All of that, and Ryan admits that Brant is 7 lanes wide at one point. It is wide where it needs to be wide and handle a lot of traffic. It only narrows where there doesn't need to be many lanes.

The top and bottom of Brant are essentially two different streets with the same name.

This article is yet another example of cherry picking examples in an attempt to twist "facts" into supporting a belief.

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By stopitman (anonymous) | Posted June 06, 2012 at 19:12:06 in reply to Comment 77870

It's 7 lanes (3 each way through traffic) at the QEW/403 for a couple of reasons:

1) Lots of interchange traffic for a short period of time at the highway, &
2) It's a regional road at that point, not a city road.

2 is the most important because traffic "engineers" for the region (and every region) are massive morons who think they're the present day Robert Moses. Unfortunately, regional roads always operate as highways, and considering the joke that is Halton Public Works, I seriously doubt you won't see much change. North of the QEW, as in most suburban places, Hamilton included, the arterials don't have much of anything fronting on the roads.

All this being said - Burlington is starting its new Official Plan very soon and it'll be the first post-growout OP it's ever done. I'd suggest anyone interested in urbanism and denser, mixed used communities show up for the meetings as they discuss ways to build upwards instead of outwards. Hopefully they don't decide to keep the suburban form with mid/highrises, but take a more urban form in their zoning and bylaws.

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By doubles doubles (anonymous) | Posted June 01, 2012 at 19:27:24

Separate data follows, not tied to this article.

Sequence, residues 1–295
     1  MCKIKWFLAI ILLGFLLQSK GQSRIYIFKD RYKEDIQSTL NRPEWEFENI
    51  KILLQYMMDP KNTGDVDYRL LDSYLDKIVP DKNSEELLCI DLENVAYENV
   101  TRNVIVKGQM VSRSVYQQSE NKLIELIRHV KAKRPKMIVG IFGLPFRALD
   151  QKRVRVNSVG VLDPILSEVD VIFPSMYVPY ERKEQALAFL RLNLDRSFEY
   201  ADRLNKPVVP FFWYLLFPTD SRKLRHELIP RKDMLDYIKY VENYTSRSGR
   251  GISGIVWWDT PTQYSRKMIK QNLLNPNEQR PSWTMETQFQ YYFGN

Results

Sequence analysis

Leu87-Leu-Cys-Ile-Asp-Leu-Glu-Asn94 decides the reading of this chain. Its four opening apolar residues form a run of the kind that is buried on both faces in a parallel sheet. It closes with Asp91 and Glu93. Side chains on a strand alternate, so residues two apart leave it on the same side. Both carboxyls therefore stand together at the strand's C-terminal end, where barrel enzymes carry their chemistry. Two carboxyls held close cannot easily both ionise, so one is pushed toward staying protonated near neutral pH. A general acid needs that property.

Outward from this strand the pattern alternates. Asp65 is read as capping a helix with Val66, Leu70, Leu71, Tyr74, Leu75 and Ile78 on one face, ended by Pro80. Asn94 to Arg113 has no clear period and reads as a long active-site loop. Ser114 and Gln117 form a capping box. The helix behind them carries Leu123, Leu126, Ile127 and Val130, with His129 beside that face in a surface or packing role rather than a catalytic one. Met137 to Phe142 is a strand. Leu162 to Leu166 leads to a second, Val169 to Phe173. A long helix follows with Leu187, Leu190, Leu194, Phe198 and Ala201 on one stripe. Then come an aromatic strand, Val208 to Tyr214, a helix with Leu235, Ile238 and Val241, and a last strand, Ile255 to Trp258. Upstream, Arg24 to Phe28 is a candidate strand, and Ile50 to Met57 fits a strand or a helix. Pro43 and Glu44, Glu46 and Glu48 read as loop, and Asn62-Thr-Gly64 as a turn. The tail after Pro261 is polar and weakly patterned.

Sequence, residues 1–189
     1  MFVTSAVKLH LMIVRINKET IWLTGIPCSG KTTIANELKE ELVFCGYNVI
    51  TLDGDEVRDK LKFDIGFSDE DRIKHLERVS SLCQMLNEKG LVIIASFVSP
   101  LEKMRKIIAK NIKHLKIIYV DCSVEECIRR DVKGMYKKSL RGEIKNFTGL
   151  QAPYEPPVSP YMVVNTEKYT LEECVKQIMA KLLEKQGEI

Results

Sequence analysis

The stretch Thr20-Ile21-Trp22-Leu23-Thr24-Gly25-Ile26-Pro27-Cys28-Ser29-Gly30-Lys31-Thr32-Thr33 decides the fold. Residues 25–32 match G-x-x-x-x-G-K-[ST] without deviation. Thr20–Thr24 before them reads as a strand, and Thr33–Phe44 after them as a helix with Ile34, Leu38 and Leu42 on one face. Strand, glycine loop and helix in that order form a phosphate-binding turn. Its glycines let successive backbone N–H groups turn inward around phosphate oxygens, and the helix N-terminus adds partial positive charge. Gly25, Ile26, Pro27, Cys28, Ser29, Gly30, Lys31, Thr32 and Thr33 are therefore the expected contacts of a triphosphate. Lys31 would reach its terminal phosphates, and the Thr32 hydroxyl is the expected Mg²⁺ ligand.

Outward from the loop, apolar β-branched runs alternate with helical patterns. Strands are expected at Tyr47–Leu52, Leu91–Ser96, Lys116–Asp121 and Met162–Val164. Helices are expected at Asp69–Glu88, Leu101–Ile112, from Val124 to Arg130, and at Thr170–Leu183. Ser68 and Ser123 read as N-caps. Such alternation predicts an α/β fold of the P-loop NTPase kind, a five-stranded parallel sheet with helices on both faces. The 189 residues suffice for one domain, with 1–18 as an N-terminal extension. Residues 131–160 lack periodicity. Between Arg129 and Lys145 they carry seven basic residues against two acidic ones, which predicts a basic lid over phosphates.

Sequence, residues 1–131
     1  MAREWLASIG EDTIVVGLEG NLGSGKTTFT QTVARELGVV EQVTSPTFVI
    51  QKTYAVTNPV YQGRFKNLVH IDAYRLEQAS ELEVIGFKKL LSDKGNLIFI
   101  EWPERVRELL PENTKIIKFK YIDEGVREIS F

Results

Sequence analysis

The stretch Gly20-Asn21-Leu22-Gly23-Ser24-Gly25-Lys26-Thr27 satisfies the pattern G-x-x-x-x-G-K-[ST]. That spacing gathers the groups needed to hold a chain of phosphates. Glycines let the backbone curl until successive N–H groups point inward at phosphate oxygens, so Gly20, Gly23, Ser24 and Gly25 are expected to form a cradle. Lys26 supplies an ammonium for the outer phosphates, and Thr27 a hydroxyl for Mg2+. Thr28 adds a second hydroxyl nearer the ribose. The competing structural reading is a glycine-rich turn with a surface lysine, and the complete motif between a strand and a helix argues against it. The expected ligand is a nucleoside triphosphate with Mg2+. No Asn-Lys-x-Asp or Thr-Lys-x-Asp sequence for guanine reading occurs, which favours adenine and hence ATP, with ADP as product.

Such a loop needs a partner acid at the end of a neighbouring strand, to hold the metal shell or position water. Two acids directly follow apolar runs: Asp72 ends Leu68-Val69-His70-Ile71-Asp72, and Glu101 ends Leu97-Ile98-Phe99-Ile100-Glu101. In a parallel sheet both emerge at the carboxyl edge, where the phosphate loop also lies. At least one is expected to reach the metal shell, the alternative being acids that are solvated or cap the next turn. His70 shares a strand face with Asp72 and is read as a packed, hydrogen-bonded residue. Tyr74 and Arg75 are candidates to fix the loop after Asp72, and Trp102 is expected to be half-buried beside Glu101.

One more reason to stroll Brant with a smile on your face? Ya Man has just set up a base camp near Brant + Maria.

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By more like Locke (anonymous) | Posted June 02, 2012 at 17:22:01

Brant St is a street that does not really go anywhere. Not a lot of traffic south of Fairview. Compare that to Brant N of the 403. Until it is past the shopping areas it is not anything like a street you, me or anyone else wants to live on.

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By jason (registered) | Posted June 03, 2012 at 22:20:33

Was on King St in Kitchener today for the first time in years...last time there it was bland and our King St. Today.....

It's great to visit local cities that believe in themselves, and their urban cores. You either want your downtown back to life, or you don't. Period. Dithering and ignoring every expert who comes through town is only holding Hamilton back as other cities pass us by. King St in Kitchener used to be a, ours is clearly the joke in comparison:

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By Intersection (anonymous) | Posted June 07, 2012 at 08:02:08

Ryan Gosling, meh. Eva Mendes? Yowza.